The service aims to: provide the advice people need for the problems they face improve the policies and practices that affect people’s lives. Citizens Advice Bureaux deliver advice services from over 3,500 community locations in England and Wales, run by 382 independent registered charities. Citizens Advice itself is also a registered charity, as well as being the membership organisation for these 382 member bureaux. In Scotland, there are 61 Citizens Advice Bureaux.
On 1 April 2014, Consumer Futures (previously Consumer Focus) – the statutory representative for consumers of postal services across the UK, for energy consumers across Great Britain, and for water consumers in Scotland – became part of the Citizens Advice service. Consumer Futures’ responsibility for post in Northern Ireland transferred to the Consumer Council for Northern Ireland. In its role as the statutory representative for consumers of postal services, Citizens Advice contributes a consumer perspective to Ofcom’s approach to regulating and reviewing competition in the postal market.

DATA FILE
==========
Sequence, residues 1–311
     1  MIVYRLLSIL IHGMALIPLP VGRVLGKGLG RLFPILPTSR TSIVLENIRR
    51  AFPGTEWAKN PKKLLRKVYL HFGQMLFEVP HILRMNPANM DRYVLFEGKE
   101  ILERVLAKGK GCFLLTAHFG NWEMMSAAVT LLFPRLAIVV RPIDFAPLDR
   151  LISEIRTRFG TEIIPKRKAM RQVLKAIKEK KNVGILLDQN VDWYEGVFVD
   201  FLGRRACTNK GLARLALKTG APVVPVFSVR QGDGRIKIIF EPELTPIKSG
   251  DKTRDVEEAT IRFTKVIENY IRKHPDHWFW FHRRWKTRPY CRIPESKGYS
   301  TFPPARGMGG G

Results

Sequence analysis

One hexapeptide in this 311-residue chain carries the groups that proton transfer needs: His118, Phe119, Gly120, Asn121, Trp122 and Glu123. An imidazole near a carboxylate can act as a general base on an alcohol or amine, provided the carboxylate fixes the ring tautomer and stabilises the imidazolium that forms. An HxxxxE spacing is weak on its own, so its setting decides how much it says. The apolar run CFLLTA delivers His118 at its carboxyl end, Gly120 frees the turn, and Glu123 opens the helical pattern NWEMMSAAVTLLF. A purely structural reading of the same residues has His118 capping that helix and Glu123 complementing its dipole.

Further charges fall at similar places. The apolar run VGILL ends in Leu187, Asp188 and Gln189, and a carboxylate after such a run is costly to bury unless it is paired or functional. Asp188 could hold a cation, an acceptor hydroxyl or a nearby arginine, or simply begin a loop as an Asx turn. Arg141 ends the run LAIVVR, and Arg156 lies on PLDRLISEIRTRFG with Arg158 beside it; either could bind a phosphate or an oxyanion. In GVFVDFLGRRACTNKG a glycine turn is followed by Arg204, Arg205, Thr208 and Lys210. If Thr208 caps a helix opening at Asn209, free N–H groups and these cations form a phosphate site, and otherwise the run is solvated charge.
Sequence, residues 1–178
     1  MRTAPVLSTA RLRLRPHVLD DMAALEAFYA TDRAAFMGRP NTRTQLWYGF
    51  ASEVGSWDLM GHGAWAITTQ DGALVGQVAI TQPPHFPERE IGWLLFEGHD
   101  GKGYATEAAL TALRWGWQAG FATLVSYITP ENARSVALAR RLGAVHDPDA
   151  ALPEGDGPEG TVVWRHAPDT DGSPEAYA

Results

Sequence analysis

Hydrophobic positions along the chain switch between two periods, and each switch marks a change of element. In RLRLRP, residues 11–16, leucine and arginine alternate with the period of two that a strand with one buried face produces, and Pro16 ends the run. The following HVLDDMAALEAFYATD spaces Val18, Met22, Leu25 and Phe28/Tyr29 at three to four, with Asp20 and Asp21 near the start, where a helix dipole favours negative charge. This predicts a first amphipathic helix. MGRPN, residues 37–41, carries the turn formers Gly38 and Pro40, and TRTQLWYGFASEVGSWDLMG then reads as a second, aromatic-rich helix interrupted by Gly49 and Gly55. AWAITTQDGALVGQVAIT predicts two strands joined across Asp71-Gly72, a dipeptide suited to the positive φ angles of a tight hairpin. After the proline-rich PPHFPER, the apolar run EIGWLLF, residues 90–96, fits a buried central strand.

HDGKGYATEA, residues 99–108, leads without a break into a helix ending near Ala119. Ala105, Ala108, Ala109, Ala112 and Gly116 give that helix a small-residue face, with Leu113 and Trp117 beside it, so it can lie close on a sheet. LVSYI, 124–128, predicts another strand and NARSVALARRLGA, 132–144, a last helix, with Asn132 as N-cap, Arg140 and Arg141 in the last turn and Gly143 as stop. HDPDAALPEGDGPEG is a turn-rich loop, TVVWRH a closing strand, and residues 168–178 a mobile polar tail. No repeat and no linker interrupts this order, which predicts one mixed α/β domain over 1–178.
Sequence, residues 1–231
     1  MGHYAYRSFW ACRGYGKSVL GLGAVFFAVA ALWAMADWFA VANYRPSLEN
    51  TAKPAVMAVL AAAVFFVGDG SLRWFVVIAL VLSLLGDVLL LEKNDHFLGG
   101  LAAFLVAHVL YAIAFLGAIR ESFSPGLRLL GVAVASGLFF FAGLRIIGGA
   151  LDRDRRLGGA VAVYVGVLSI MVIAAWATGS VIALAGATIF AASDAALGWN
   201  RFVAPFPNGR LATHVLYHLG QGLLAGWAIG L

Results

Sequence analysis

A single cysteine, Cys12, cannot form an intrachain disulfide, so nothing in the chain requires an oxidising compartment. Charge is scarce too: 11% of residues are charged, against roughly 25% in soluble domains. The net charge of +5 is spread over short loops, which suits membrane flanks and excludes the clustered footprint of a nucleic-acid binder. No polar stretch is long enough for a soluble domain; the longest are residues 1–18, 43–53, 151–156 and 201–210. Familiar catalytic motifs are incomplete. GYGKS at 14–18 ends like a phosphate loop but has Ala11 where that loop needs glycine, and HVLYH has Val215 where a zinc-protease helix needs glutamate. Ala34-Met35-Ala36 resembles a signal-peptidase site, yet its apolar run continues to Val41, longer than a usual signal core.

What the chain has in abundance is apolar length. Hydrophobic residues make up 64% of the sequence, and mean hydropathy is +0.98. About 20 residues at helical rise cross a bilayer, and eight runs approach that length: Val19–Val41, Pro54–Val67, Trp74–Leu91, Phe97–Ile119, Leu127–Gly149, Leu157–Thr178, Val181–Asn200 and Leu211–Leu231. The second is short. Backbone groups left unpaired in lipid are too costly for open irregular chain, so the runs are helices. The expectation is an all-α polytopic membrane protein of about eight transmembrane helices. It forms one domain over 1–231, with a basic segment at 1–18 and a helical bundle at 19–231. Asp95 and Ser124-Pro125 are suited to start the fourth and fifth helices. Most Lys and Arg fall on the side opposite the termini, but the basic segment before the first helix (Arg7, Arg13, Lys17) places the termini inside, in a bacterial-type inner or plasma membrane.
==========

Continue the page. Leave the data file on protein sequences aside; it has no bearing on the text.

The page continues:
Two significant changes have taken place since the UK consumer advocacy body for postal services, Consumer Focus, examined the economic impact of competition in the postal market: Royal Mail has been privatised and TNT Post UK (now Whistl) expanded its end-to-end (E2E) operations in three major cities. Ofcom has also undertaken a review of competition following Royal Mail’s claim that the impact of E2E competition threatened its ability to economically sustain the universal service obligation (USO). Given these developments, Citizens Advice decided it was time to undertake a further review of the market, with particular emphasis on the consumer perspective.